…As early as 167 A.D. Melito of Sardis in a tract that may have been designed **to bolster a minor Christian sect’s **presence in Sardis, where Jews had a thriving community with excellent relations with Greeks, made assertions in his Peri Pascha that transformed the charge that Jews had killed their own Messiah into the charge that the Jews had killed God himself. He was the first writer in the Lukan-Pauline tradition to raise unambiguously the calumny of deicide against Jews.[6][7]

Clearly, if I could find the above info in a few minutes, your teacher could very well do some responsible “teaching” by doing a little research before putting forth her arguments; though, her hatred of Catholicism may blind her to such simply truths as the unbiased mentoring of the world’s future!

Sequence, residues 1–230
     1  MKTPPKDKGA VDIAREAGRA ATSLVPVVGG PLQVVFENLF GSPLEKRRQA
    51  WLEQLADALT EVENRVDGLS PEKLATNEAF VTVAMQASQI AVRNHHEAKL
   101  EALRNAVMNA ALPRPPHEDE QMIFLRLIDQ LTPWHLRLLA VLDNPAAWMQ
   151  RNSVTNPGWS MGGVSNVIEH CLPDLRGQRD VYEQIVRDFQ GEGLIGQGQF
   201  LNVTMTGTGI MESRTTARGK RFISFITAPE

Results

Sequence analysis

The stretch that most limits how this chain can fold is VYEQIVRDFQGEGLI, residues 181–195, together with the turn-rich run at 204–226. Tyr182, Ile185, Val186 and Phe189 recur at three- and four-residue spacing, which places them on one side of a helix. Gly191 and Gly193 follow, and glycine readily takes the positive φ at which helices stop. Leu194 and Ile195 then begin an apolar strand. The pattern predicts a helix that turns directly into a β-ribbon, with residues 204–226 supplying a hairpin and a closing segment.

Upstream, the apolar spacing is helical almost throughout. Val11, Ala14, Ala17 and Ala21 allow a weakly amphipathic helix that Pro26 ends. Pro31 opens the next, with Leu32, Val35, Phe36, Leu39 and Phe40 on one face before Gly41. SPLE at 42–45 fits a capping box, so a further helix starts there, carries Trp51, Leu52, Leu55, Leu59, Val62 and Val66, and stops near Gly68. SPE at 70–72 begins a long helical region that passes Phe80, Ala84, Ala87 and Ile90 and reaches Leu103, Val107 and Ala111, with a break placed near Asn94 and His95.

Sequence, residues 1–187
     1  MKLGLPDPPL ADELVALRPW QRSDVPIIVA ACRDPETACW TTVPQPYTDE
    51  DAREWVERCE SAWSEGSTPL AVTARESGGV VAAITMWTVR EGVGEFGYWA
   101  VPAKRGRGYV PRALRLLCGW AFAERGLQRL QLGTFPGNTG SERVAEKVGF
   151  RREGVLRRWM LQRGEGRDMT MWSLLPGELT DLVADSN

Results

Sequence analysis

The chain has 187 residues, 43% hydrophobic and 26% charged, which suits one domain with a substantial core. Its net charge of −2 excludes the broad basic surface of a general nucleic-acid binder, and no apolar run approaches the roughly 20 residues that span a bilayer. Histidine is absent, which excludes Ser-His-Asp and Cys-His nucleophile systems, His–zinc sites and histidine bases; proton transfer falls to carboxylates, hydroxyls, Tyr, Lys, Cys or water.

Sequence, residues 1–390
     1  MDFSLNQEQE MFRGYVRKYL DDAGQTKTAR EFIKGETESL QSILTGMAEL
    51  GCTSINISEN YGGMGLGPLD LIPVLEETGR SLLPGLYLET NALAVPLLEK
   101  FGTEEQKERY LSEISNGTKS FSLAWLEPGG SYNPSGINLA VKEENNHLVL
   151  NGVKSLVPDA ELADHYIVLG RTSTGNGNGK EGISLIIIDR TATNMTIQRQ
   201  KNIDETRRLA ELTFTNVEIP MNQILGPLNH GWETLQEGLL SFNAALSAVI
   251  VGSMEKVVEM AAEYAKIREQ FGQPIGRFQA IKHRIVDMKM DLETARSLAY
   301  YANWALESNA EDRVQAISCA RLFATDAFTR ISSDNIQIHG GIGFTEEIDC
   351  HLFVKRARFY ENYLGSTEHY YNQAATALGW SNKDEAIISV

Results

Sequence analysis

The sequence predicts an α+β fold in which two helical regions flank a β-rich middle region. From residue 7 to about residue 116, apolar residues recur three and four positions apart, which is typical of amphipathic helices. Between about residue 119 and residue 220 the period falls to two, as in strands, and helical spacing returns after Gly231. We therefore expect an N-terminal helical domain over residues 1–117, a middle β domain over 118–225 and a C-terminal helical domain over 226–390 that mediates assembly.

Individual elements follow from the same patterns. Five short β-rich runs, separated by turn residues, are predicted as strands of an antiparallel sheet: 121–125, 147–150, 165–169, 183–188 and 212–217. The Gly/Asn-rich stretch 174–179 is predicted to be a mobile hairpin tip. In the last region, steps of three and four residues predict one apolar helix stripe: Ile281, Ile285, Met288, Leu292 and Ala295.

Maran atha!


There has never been a doctrine (Catholic) blaming the Jews (as a collective) for the crucifixion of Jesus.

Conversely, it was necessary for the prophecies to unfold. Jesus had to be rejected by the Jews so that He could then Go to the Gentile!

Interestingly enough, here’s Apostolic understanding:

8 And being found in appearance as a man,
he humbled himself
by becoming obedient to death—
even death on a cross! (Philippians 2:8)

4 It is impossible for those who have once been enlightened, who have tasted the heavenly gift, who have shared in the Holy Spirit, 5 who have tasted the goodness of the word of God and the powers of the coming age 6 and who have fallen away, to be brought back to repentance. To their loss they are crucifying the Son of God all over again and subjecting him to public disgrace. (Hebrews 6:4-6)

…so the Apostles understood that Christ had to be crucified and they are cognizant that every time a Believer rejects Christ and embraces the world (Satan/sin) he/she is crucifying Christ allover again!

Maran atha!


One wonders what the purpose of any such “doctrine”, if it exists, would be? Why would it be necessary to assent to a statement about who - in a strict historical sense - is solely to “blame”?